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NPA defends media reports on Kotze

Johan Kotze

Johan Kotze

Published Jan 13, 2012

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Media houses had done nothing wrong in naming Johan Kotze and publishing details of his alleged crime before his appearance in court, the National Prosecuting Authority said on Friday.

“The media naming him has not compromised the case for prosecution at all,” said NPA spokesman Mthunzi Mhaga.

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“He had been a fugitive who the police were looking for,” he said.

“The media naming him and publishing his photograph helped in identifying him.”

Although there is no general law that prohibits the naming of a suspect before they have appeared in court, in terms of the Criminal Procedure Act a person who has been charged with indecency or extortion may not be named until they have pleaded.

However, Mhaga said that when a person was running away “it changes the whole dimension”.

“In this case, members of community assisted the police in tracking him down,” he said.

Kotze appeared in the Modimolle Magistrate's Court on Friday for allegedly killing his teenage stepson and orchestrating an attack on his estranged wife.

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He and a 42-year-old co-accused face 17 charges, including murder, conspiracy to rape, rape, sexual assault, kidnapping and common assault.

A manhunt was launched for Kotze when he fled in a white Toyota Fortuner after allegedly murdering his stepson at his home on January 4 and forcing three men at gunpoint to gang-rape his estranged wife.

Kotze was arrested in the town on Wednesday.

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“The media played a role in his arrest. So, in this case, naming was justifiable,” said Mhaga.

Webber Wentzel media lawyer Okyerebea Ampofo-Anti said it was unclear whether the crimes of indecency or extortion would be applicable in Kotze's case.

“In any event, he had not been charged with anything at the time that he was named because he was still on the run,” she said.

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Ampofo-Anti said that in a recent Supreme Court of Appeal case, an individual who had been identified as being involved in various criminal activities had sued a newspaper for defamation.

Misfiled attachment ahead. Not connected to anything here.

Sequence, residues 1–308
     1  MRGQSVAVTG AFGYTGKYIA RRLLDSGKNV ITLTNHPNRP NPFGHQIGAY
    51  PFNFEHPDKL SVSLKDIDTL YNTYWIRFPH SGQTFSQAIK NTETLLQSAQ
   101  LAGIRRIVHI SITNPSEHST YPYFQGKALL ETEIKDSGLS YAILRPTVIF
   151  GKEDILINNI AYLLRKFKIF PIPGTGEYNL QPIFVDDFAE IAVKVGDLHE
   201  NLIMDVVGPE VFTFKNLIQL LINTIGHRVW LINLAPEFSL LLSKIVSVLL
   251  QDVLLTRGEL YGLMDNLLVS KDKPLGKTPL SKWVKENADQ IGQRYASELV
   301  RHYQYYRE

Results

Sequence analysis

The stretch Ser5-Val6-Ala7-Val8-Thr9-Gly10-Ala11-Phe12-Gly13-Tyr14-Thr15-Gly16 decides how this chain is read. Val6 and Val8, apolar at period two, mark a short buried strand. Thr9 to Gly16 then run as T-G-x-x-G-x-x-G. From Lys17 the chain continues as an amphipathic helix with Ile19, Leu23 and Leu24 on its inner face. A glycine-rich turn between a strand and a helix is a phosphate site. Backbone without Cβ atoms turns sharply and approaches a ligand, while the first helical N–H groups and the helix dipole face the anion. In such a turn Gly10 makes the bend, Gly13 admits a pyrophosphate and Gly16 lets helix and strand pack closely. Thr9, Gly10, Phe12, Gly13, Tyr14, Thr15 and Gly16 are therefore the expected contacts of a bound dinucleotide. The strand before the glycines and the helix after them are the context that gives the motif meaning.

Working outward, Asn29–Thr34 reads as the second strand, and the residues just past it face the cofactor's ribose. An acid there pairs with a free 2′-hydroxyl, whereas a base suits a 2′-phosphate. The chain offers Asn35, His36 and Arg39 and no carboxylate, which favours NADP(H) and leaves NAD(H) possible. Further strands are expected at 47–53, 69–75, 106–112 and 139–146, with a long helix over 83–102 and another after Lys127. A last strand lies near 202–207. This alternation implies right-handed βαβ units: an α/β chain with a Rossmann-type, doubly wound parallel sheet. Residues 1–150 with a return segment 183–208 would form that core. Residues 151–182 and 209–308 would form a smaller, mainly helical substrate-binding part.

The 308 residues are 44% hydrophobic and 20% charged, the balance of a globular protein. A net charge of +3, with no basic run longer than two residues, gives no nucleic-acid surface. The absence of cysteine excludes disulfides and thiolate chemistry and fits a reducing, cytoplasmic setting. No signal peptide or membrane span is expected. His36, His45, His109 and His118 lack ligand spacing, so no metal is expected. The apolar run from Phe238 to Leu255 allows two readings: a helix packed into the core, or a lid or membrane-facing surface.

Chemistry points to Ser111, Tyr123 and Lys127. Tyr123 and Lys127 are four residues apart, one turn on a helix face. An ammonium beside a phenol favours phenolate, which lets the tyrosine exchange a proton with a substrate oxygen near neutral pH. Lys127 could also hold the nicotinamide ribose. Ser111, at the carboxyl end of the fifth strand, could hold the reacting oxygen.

In this case, the court held that each case must be considered on its own merits to determine whether it was in the public interest for the suspect to be named.

“The court found that the publication was in the public interest because it encouraged the public to come forward with information to assist the police,” Ampofo-Anti said.

“In view of the fact that Kotze was a fugitive from justice who was being actively sought by the police, the media was not under any legal obligation to conceal his identity.”

Mail & Guardian ombudsman Franz Kruger, who wrote the book “Black, white and grey: journalism ethics in South Africa”, said the specific circumstances around the Kotze case had made it acceptable for his name to be published.

“The specific circumstance was that he was being sought,” Kruger said.

“The police wanted to put out his identity so that they could apprehend him.”

Kruger said that media houses had to be cautious in their wording when reporting on the case.

Journalists had to make it clear that Kotze was still an accused who had not yet been found guilty.

Kruger said people were often identified in high profile cases, that people quickly assumed they were guilty and that not much could be done to prevent this.

“The media have to make it clear that he is simply an accused who may still be found guilty,” he said.

“Media houses have to be cautious in their tone and wording in these cases.

“In reporting and headlining it must be clear that an accused has not yet been found guilty.” - Sapa

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